The Return of Silicone Gel Breast Implants
After 14 years of public controversy, federal debate, and civil litigation, silicone gel breast implants made an eminent return to the American market. During the silicone implant ban initiated by the United States Food and Drug Administration in the early nineties, silicone became a frightening word, synonymous with physically devastating, and in some cases disfiguring, post-surgical complications. During this time, saline implants emerged as a reliable alternative and became the standard in breast augmentation surgery.
Though a relatively safe and suitable replacement, saline proved that it, too, has physical and aesthetic limitations, which is why cosmetic surgeons and patients alike continued to long for the FDA to lift its ban on silicone implants. In the wake of scientific evidence demonstrating the safety of silicone, and a race to develop a silicone gel implant that met FDA safety requirements, silicone implants were once again approved for use in the United States in November 2006.
Investigating Silicone Gel Breast Implants
The United States Food and Drug Administration began restricting the use of silicone gel breast implants in 1992, due to an overwhelming number of reports the implants were making recipients ill. As a result, silicone was marked by a stigma that it still has not shaken, despite scientific findings that have repeatedly indicated its safety.
After the FDA prohibited the use of silicone implants, theories as to why they would cause adverse systemic reactions were explored in numerous medical trials and studies. Silicone had been blamed for causing serious autoimmune disorders and connective tissue diseases including firbromyalgia, lupus, scleroderma, Sjogren's syndrome, rheumatoid arthritis, and cancer. Some experts have claimed that, when a silicone implant ruptured, the gel would leak or migrate (depending on consistency) into the surrounding tissue, wreaking havoc on the immune system. Still other researchers claimed that, over time, the platinum contained in the implant shell had the potential to leach out from the implants in dangerous levels, oxidizing within surrounding tissues and resulting in a harmful, highly allergenic form of the inert metal.
Studies conducted in the wake of the ban, many of which were published in peer-reviewed medical journals, categorically refuted the existence of a link between silicone gel breast implants and disease. Evidence supporting the safety of silicone implants was so compelling that the FDA approved silicone breast implants for limited use in supervised studies involving breast reconstruction patients who had undergone mastectomy. Although the FDA gave approval for this very specific usage, the agency required further data before it would consider more widespread approval.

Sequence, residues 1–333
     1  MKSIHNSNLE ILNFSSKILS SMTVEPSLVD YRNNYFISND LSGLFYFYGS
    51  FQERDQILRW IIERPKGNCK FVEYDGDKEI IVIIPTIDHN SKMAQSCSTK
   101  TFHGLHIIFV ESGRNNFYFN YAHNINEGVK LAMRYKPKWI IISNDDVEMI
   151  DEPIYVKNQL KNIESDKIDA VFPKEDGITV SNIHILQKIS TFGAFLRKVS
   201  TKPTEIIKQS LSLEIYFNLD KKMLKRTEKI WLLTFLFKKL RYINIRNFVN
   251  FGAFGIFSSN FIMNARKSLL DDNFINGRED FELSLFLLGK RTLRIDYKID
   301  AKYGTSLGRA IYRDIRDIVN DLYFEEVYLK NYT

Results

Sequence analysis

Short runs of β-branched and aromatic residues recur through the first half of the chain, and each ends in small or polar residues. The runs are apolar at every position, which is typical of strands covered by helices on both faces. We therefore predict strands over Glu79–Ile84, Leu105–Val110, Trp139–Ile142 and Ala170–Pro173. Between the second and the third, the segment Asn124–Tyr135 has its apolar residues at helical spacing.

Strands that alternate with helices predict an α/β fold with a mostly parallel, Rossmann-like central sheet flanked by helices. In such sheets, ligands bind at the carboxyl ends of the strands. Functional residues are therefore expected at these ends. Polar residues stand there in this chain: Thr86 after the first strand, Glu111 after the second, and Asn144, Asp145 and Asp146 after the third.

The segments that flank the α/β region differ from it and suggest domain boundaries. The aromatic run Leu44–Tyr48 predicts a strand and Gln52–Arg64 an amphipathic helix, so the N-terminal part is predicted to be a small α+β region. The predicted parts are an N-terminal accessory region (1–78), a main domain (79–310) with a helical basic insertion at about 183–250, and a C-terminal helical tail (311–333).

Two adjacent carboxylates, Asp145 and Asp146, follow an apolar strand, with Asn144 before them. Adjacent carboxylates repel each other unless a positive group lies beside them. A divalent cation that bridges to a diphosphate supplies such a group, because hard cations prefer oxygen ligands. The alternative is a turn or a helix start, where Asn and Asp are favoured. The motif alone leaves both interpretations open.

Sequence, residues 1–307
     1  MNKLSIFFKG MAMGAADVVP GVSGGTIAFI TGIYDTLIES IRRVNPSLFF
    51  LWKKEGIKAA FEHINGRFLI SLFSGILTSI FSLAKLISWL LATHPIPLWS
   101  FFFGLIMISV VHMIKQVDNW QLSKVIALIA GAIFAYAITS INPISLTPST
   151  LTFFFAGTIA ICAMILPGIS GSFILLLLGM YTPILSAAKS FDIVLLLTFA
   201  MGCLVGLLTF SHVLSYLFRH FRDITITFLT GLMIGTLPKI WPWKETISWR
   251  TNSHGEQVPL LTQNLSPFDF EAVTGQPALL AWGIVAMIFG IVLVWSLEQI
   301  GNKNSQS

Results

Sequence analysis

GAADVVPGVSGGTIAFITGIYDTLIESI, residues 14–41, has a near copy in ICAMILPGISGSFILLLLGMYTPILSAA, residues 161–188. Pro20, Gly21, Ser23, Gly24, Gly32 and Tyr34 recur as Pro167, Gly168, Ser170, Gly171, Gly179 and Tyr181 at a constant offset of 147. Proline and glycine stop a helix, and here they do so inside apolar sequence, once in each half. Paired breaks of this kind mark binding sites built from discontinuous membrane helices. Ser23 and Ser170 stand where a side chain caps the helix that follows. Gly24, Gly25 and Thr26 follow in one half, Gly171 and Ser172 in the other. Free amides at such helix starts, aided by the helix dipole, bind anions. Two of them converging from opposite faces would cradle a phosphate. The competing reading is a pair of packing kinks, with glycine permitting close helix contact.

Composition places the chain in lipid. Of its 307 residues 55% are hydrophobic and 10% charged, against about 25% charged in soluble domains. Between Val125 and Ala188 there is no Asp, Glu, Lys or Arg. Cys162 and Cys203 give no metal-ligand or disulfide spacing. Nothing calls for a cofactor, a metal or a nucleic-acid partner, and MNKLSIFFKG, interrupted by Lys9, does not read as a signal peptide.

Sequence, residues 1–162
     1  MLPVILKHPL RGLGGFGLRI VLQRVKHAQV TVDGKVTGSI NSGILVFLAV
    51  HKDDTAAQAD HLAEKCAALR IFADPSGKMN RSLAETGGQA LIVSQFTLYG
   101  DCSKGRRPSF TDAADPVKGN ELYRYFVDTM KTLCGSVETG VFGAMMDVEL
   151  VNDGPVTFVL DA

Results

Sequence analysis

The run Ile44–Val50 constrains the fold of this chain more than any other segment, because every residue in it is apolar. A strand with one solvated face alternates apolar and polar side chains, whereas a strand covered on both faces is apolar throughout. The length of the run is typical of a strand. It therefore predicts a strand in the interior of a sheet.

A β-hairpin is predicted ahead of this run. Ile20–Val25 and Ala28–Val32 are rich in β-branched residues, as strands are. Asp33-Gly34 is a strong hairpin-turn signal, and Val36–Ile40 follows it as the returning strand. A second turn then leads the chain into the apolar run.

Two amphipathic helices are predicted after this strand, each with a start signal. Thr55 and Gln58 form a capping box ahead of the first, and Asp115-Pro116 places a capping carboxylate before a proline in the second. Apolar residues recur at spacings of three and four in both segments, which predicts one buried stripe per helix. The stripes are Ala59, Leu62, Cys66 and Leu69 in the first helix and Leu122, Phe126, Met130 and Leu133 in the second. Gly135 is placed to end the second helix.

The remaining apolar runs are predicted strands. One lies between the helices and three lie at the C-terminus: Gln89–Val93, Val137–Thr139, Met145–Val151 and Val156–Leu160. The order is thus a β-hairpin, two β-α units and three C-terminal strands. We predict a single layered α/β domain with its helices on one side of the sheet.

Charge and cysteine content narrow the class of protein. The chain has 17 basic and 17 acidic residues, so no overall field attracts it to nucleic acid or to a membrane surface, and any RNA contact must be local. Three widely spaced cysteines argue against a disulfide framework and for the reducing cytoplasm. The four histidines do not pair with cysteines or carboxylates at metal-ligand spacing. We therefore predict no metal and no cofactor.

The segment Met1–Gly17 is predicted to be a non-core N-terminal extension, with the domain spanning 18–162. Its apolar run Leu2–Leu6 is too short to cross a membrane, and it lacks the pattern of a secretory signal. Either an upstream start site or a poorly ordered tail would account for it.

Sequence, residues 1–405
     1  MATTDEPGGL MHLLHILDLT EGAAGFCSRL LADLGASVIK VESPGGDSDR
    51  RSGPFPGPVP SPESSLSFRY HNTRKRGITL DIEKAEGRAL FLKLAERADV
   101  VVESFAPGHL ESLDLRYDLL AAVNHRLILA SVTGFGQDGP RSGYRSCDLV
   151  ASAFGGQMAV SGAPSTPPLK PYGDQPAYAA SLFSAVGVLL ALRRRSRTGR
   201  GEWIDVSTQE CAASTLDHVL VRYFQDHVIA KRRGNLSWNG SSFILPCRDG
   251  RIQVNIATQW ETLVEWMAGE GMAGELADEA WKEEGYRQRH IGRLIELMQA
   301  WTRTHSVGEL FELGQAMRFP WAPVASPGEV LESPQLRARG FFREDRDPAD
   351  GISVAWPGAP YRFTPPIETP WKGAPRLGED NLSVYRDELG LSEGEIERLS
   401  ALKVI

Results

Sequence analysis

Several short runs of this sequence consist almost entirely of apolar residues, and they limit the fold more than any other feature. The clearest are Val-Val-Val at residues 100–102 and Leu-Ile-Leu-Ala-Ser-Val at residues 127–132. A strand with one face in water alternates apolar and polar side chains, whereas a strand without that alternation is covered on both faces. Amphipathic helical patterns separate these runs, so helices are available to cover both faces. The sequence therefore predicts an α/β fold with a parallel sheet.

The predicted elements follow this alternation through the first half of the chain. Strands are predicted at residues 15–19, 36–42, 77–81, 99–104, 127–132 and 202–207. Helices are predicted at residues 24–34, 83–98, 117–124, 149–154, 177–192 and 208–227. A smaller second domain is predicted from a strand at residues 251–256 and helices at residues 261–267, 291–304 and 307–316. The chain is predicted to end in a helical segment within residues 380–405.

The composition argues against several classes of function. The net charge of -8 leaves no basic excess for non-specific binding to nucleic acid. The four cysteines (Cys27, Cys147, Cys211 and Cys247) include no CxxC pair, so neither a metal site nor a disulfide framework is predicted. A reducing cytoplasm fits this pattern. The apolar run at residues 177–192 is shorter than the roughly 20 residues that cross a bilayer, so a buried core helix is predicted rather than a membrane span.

Saline v. Silicone Implants
During the ban on silicone gel implants, saline implants came to dominate the market as the only implant option for non-cancer-related breast enhancement surgery. However, like silicone gel implants, saline implants are not impervious to rupture or leakage and must be replaced when either occurs. Additionally, because saline filler lacks the viscosity and cohesion of silicone gel, the liquid shifts, which can affect the shape of the implant. The shell may ripple along the seam, causing pleat-like ridges to appear around the periphery of the augmented breast. Rippling also can disrupt the integrity of the implant’s structure, making it more susceptible to rupture or leakage.
Cohesive Silicone Gel Breast Implants
The newer classes of cohesive silicone gel implants were available in Europe and South America for breast augmentation, lift, and reconstruction surgeries ten years before the FDA approved them for use in the United States. Surgery with these implants consistently yields excellent aesthetic results with minimal complications. Compared to saline implants, INAMED and Mentor Corp.’s form-stable silicone gel implants offer a more reliable and natural looking shape. This is due to the thickness of the silicone gel, which in INAMED’s newest silicone model, style 410, has been compared to the consistency of a gummy bear. The relatively solid state of the implant makes rippling and implant collapse an impossibility, and the multi-layer outer shell ensures that the silicone gel remains inside of the implant. Furthermore, manufacturers have textured the outer shell of the new implants which creates added friction to keep the implant in proper position, minimizing the possibility of capsular contracture.
Today’s Silicone Breast Implant Industry
The silicone breast implant debacle had market-shattering effects, causing the originator of the silicone breast implant, Dow Corning, to file for chapter 11 bankruptcy in 1995. The crippling burden of federal involvement and a tidal wave of costly lawsuits changed the face of the breast implant industry, making way for competitors to develop silicone implants that would lay to rest the fears of physicians, the FDA, and patients. Two main companies emerged at the forefront of the silicone gel evolution: INAMED (a division of Allergan) and Mentor Corporation. Both companies were locked in direct competition, each striving for widespread approval by the United States FDA for their respective models of cohesive gel implants.
The Final Stages of FDA Approval
In April 2005, the FDA granted approval for Mentor to release its implants on a very limited basis so that patients could be closely monitored. Shortly thereafter, INAMED’s implants were approved under similar conditions.
Both companies finally received full FDA approval for their breast implants in November 2006.
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